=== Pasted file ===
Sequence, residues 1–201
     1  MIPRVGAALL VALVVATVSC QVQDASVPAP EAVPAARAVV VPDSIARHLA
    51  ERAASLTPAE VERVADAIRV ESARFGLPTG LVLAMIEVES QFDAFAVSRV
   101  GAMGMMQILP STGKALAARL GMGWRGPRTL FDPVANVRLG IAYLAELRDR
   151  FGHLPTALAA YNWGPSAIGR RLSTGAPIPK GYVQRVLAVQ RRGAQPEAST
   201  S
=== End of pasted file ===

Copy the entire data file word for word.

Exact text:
Sequence, residues 1–201
     1  MIPRVGAALL VALVVATVSC QVQDASVPAP EAVPAARAVV VPDSIARHLA
    51  ERAASLTPAE VERVADAIRV ESARFGLPTG LVLAMIEVES QFDAFAVSRV
   101  GAMGMMQILP STGKALAARL GMGWRGPRTL FDPVANVRLG IAYLAELRDR
   151  FGHLPTALAA YNWGPSAIGR RLSTGAPIPK GYVQRVLAVQ RRGAQPEAST
   201  S